Sermon/Third Sunday of Advent (A)/December 11, 2016
The Very Rev. Randall Hehr D. Min., Rector, Holy Trinity Episcopal Church, 3200 N. McMullen Booth Road, Clearwater, FL 33761/727-796-5514
“Are you the one?” This poignant question comes from John the Baptist as he is held prisoner in a dark cell. He sends word through his disciples to Jesus, asking, “Are you the one who is to come, or are we to wait for another?” As I picture John imprisoned, I am aware that the world seeks to silence the prophets of God. John’s honesty and direct language has made Herod uneasy. And Herod, tetrarch of Galilee, is a treacherous leader. John, the outsider from the wilderness, was speaking out publically against Herod’s relationship with his brother’s wife, Herodias. Herod silences John by throwing him into prison, and will eventually put him to death.
“Are you the one,” John asks. He met Jesus in the Jordan River, and Matthew’s Gospel makes it clear that the prophet realized this was the Messiah. So why now does he question Jesus’ identity?
Perhaps Jesus is not the person John expected. You remember John’s language. He preached repentance, and said the coming Messiah would baptize with fire and would separate the wheat from the chaff. John saw the Messiah as an agent of change. Perhaps as John the Baptist observed Jesus bringing healing and hope to a broken world, he saw more grace and more love than he expected.
“Are you the one…or are we to wait for another?”
Have you ever been disappointed by someone? Have you ever been let down by someone you hoped would live up to your expectations? This is a common dynamic in the human community. We develop our own inner portrayal of others and then reality comes knocking at the door. It can happen with a good friend or a colleague at work. It often happens in communities like this one. We disappoint each other because we are human and fall short.
For over three decades, I have been privileged to work with couples who are planning a wedding. Often I have provided premarital counseling required by the Episcopal Church. I always begin the process by asking the couple to tell me their story. In some cases, a couple will describe an opening period of “getting to know you.” Frequently they will describe a time when they encountered a difficult test of the relationship. This test requires that they work through the disappointment or distress or conflict and be able to see their partner with open eyes. This experience can be a doorway to a deeper relationship with deeper understanding of one another. During this period of inquiry, one or both parties may be asking, “Are you the one?”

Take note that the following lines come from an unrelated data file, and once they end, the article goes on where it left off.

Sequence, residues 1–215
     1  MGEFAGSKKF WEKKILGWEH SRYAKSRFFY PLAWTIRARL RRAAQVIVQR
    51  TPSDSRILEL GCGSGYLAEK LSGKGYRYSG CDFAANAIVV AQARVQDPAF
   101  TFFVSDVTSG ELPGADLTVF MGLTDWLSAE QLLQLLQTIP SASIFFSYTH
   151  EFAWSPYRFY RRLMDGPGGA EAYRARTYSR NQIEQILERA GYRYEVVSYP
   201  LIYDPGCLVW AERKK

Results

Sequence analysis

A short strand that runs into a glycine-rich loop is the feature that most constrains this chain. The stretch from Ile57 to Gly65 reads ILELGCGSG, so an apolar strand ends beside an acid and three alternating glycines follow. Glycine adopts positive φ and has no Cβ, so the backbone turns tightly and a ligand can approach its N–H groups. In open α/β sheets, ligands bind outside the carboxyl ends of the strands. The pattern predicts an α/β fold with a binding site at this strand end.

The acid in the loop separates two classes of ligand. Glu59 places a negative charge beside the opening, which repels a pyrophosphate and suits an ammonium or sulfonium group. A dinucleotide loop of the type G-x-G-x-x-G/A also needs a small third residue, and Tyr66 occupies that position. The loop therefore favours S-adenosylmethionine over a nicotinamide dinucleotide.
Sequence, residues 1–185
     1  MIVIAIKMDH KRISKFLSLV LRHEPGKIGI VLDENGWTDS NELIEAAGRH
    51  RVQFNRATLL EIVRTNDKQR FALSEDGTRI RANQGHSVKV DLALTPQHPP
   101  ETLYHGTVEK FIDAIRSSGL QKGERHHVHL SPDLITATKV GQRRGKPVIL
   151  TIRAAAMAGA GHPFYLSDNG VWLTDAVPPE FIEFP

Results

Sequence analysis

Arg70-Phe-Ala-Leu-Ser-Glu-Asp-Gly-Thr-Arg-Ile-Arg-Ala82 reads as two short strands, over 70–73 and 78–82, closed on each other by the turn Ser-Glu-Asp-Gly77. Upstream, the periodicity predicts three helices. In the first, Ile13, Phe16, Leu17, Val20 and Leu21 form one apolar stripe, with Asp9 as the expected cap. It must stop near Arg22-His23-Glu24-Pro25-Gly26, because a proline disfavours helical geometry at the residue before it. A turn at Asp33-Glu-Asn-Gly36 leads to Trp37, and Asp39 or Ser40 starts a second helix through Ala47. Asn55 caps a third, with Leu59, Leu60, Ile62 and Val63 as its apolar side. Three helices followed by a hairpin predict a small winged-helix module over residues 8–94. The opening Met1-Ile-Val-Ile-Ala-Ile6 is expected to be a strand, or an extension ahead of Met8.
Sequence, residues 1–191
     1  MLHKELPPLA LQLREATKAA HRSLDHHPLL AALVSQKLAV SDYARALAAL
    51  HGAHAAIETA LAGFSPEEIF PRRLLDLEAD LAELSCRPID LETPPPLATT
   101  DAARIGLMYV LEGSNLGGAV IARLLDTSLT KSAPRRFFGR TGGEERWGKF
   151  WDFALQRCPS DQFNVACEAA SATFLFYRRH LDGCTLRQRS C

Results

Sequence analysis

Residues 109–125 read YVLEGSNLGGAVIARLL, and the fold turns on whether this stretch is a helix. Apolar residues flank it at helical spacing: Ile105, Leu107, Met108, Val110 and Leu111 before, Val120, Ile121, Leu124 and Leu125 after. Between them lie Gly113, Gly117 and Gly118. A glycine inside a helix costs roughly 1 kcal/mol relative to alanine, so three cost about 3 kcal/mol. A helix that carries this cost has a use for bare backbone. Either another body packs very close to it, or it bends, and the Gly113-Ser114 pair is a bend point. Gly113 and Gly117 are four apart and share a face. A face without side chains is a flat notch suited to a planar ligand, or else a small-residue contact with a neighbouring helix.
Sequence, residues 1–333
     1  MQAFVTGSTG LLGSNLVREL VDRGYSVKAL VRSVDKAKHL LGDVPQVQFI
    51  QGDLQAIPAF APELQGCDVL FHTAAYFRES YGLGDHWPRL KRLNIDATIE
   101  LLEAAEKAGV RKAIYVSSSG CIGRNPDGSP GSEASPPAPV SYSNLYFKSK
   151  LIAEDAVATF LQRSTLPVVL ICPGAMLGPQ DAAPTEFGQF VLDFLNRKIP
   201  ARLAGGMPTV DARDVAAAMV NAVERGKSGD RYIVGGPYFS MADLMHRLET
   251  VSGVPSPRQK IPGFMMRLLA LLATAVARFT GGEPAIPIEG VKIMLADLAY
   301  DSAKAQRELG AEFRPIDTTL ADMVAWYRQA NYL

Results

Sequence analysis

Certainly the Gospel describes other occasions when people fall short of expectations. Peter denies knowing our Lord. Jesus’ disciples flee during his arrest and crucifixion. Judas betrays the Messiah. Jesus’ family disowns him. Like life, scripture abounds with examples of people letting each other down.
Right here in the sermon I want to introduce the psychological term “projection.” You and I project our feelings onto others. Pay attention when someone really bothers you and gets under your skin. That is the very time when we are likely to be complaining about that person. Pay attention when this is happening and look inside yourself. Often we project onto others the very things about ourselves that we do not want to accept. We project our own shortcomings, our own frailties. Often we are not aware of this process because we are so focused on our judgement of the other person.
The Gospel invites us to intervene in this process. The Gospel invites us to catch ourselves when we are feeling disappointed or let down. The Gospel invites us to go inside ourselves and see the truth about ourselves. If we are willing to do this, the question “Are you the one?” may shift to “Who am I?” Now we are less likely to try to nail the other person and we are more likely to see ourselves with open eyes and ears, learning more about our own frailty and brokenness.
Now I want to circle back to the Gospel according to Matthew. Let us listen to Jesus again as he answers John’s question. He references the signs of the kingdom unfolding: the blind receive their sight, the lame walk, the lepers are cleansed, the deaf hear, the dead are raised, and the poor have good news brought to them. He sends John’s disciples to describe these events to John. Then Jesus turns back to the crowds and talks about John. He lifts up John. He reminds them that John is not wearing soft robes or living in a palace. No, this is John, “more than a prophet.” John is God’s messenger, preparing the way for Jesus. John is preparing the way for God’s kingdom of peace and love and hope to unfold. Jesus knows who John is and wants the people to understand him. He praises him as a true servant of God.
The Gospel teaches us how to portray one another. The Gospel teaches us to lift one another up. The Gospel encourages us to go inside and to examine ourselves honestly and truthfully. And then we lift others up. Praising them for the work that they do. This is called building up the body of Christ.